“Prevention” Magazine Names Six Food Myths

Posted on April 29, 2011 by


In a society obsessed with dieting tips and weight loss tricks, it is not hard to stumble across a few that are absolutely ridiculous, but, even in myths, there are often lies with some hidden truths. Prevention Magazine recently released six of the most common food myths—or myths that are “mostly” false—and also included the tiny aspects of truth that can be found within them.

Myth number one was that drinking water helps weight loss. Drinking water does not directly help one achieve weight loss, but it may help you eat less. Virginia Polytechnic Institute and State University conducted a study in which they followed a group of adults on low-calorie diets for twelve weeks. Results revealed that those who consumed two cups of water before meals lost an average of four-and-a-half more pounds than those who did not. Drinking water instead of soda or juices can cut out two hundred calories a meal and, ultimately, around twenty pounds a year.

Another common myth especially familiar in the teen world is that greasy foods such as French fries cause acne. According to the American Academy of Dermatology, foods alone do not contribute to acne problems; however, excess oil on the skin from touching greasy food can cause acne nd make existing acne worse.

Dr. Chris Kroodsma, a dermatologist in Illinois, said, “Dead skin cells, oil, makeup, sunscreen, and other materials blocking pores cause acne pimples.”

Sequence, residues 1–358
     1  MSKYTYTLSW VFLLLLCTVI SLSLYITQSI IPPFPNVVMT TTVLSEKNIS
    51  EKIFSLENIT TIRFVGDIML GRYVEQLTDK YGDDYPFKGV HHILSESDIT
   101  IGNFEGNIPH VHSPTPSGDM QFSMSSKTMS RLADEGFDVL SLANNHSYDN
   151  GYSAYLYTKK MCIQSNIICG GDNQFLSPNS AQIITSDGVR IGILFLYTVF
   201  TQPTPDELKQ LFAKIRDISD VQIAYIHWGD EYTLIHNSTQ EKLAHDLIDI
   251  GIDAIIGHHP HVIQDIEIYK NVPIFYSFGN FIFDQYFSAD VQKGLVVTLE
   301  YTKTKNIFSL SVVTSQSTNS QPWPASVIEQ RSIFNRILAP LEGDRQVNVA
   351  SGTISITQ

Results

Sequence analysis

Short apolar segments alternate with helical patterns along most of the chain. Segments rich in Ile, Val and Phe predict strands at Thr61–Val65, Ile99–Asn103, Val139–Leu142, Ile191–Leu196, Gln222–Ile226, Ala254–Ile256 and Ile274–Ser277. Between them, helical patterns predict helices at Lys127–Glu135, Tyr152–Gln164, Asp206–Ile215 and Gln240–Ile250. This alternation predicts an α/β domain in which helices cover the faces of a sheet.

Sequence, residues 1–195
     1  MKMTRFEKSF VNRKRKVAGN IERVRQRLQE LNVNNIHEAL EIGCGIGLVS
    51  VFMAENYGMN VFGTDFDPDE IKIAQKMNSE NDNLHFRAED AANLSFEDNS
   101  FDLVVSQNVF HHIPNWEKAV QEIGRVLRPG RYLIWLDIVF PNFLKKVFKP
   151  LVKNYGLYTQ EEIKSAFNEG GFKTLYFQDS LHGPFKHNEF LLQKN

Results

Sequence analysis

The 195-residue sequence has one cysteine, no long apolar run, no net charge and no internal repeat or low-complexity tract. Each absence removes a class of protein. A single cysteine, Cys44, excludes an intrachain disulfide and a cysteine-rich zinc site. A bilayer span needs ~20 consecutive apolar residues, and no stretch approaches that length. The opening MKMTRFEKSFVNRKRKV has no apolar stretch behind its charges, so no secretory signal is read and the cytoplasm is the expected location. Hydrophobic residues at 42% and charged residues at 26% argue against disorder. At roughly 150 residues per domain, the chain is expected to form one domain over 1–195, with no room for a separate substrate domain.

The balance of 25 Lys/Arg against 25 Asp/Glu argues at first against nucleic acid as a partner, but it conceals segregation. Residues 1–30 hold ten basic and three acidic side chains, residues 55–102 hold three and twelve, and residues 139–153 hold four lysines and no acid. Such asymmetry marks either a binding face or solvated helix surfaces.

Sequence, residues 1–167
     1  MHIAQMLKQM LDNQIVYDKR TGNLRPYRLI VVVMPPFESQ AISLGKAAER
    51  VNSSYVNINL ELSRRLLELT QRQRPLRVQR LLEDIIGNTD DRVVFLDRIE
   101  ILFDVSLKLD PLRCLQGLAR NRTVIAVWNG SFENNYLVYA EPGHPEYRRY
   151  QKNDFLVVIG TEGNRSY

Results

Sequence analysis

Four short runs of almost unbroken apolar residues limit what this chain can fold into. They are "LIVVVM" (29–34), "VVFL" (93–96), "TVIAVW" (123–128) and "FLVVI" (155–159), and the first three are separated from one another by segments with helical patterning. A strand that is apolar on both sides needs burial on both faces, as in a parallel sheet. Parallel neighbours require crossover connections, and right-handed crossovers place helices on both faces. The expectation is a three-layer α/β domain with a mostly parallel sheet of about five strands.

Jumping on the list at number three is the myth that white flour is bleached with dangerous chemicals. The truth is, white flour is bleached, but the chemicals present no danger to consumers. The process strips away essential nutrients such as fiber, magnesium, and Vitamin E, but this does not make white flour dangerous.

False food tip number four is that eating carrots will make you see better. Although carrots contain Vitamin A, a nutrient that helps keep eyes healthy, consuming carrots will not actually improve vision.

Rounding out the bottom of the list are myths number five and six.

Myth number five is that eating late at night packs on the pounds. Although celebrity Oprah Winfrey claims much of her success with weight loss comes from following this rule, the truth is that calories are calories no matter what time of day they are put into the body.

Jacquelyn Rudis said, “This myth has been around for years, and although some people could swear that their late-night eating habits do make them gain weight, recent research has shown that your body does not process food differently at different times of the day.”

People are more prone to overeat at night when emotions are high, boredom sets in, or the time set aside for watching television is accompanied by snacking. In turn, consuming too many calories will cause weight gain no matter what. The time of day has no noticeable impact.

Lastly, myth number six is that sugar causes diabetes. Consumption of sugar is not a direct cause of diabetes, but sugar can be a contributing factor to weight gain. Weight gain and obesity increase an individual’s risk of developing type II diabetes.

Although each of these six myths holds a bit of truth, it is important to understand which part is true. It may be vital to your health to separate the fact from the fiction so that you can enjoy a healthy lifestyle every day!

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